Jasmine Patrick, communications staff for the airport, couldn’t say if this sort of situation had occurred before and noted that City of Kelowna policies protect against any kind of discrimination among staff, this case is beyond their jurisdiction and is a question for the federal regulator, Transport Canada.

Transport Canada responded to a query and said that in August 2015, Public Safety Canada created the Secure Air Travel Regulations, which replaced previous regulations.

“In general, the purpose of this section of the Secure Air Travel Regulations is to ensure air carriers confirm the identification presented belongs to the travelling passenger in order to prevent circumvention of the Passenger Protect Program and the Secure Air Travel Act list,” reads the statement.

The Government of Canada is exploring an update of the Secure Air Travel Regulations should amendments to the Secure Air Travel Act be passed as part of Bill C-59.

To report a typo, email: edit@kelownacapnews.com.



kmichaels@kelownacapnews.com

Like us on Facebook and follow us on Twitter.

Get local stories you won't find anywhere else right to your inbox.
Sign up here

Just Posted

On the Wing: Christmas bird count reports, part 1

Haida Gwaii’s bird count report for Port Clements and Rose Spit

Queen Charlotte housing assessment jumps 31 per cent

Port Clements and Masset also see increases, according to B.C. Assessment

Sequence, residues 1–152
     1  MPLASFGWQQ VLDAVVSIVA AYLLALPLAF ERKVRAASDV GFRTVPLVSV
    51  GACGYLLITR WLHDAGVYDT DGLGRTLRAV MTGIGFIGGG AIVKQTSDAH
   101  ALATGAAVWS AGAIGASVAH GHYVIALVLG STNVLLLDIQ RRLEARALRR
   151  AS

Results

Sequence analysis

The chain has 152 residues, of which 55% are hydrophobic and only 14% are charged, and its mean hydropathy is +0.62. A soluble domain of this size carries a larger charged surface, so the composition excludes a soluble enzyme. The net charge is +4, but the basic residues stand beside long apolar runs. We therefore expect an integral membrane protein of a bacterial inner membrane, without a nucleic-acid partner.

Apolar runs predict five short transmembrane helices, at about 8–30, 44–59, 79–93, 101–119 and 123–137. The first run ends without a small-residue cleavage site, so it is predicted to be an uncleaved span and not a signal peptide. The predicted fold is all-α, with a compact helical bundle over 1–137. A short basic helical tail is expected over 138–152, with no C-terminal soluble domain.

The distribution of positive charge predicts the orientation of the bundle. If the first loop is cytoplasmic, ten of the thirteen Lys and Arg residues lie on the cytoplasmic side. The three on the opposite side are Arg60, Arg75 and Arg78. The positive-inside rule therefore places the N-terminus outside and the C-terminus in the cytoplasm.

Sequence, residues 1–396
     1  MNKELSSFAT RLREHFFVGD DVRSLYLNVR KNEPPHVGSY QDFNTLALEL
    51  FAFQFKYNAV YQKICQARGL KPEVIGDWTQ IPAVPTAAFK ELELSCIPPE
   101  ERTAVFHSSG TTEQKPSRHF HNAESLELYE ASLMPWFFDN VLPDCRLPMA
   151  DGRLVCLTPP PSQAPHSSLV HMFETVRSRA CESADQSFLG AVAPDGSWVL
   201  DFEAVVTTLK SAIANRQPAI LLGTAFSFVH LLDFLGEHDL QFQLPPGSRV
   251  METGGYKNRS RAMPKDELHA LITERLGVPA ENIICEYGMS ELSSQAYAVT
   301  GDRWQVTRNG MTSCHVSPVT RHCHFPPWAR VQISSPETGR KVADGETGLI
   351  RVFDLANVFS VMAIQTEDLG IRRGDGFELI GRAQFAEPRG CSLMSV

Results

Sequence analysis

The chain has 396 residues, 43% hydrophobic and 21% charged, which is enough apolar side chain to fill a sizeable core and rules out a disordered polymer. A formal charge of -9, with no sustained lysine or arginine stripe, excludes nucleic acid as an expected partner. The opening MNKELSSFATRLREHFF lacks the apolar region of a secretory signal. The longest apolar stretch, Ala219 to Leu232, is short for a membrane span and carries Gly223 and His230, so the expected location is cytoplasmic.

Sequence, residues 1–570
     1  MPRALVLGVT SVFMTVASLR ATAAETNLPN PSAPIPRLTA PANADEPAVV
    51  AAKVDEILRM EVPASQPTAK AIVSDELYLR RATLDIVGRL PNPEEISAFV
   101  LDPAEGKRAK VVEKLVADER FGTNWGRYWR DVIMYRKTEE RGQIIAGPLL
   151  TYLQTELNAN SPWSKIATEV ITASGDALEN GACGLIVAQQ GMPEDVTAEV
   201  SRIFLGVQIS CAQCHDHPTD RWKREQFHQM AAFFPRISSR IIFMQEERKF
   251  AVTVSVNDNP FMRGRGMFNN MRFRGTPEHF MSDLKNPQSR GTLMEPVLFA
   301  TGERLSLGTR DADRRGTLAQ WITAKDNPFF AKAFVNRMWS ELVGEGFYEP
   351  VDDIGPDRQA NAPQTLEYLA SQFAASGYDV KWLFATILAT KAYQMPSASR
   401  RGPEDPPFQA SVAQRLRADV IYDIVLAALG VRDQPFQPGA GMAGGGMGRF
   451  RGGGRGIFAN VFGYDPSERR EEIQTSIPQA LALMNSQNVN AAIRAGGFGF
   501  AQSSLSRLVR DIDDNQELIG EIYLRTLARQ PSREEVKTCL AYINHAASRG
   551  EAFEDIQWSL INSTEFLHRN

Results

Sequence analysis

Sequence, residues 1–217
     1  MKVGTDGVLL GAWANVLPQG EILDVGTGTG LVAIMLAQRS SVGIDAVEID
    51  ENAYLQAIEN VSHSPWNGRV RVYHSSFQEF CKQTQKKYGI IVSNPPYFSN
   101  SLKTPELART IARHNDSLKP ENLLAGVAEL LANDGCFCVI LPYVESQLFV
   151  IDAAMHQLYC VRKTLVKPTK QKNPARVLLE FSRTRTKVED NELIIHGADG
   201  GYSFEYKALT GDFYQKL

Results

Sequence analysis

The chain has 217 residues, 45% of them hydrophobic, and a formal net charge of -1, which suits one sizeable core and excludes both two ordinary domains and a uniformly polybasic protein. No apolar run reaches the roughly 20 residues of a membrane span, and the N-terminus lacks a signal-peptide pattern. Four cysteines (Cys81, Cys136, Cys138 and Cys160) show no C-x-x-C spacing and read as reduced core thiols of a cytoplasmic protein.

Pipeline at centre of B.C. conflict is creating jobs for First Nations: chief

All 20 elected band councils along the Coastal GasLink pipeline route have signed benefits agreements

Power saving measures in effect on Haida Gwaii

B.C. Hydro asks residents to conserve electricity to avoid outages during cold weather

RCMP create access control checkpoint on Morice West Forest Service Road

Premier says Coastal GasLink project will proceed despite opposition

Fashion Fridays: Look your best this year

Kim XO, helps to keep you looking good on Fashion Fridays on the Black Press Media Network

‘Scariest boat ride of my life’: Passengers trapped by ice on rocky B.C. ferry sailing

The Nimpkish docked in Bella Coola on Jan.12 coated in a thick layer of ice

B.C. pair ordered to pay $55,000 for oil tank discovered four years after selling home

Judge says defendants breached contract, despite being unaware of tank until basement flooded

Canada to give $25,000 to families of each Canadian who died in Iran plane crash

Prime Minister Justin Trudeau also made it clear that Canada still expects Iran to compensate victims

Good Samaritan pays part of rent for B.C. woman facing eviction in can-collecting dispute

Zora Hlevnjak, 76, supplements her pension by collecting cans and receiving public donations

Oil and gas industry applauds top court’s dismissal of B.C.’s Trans Mountain case

The high court’s ruling Thursday removes one of the remaining obstacles for the project

Sub-zero B.C. weather freezes clothing in just 45 minutes

A local photographer decided to have some fun with the frosty weather before its gone

VIDEO: Missing cat reunited with Vancouver Island family after three months

‘It was like one day she was there, the next day she was gone,’ said owner

Most Read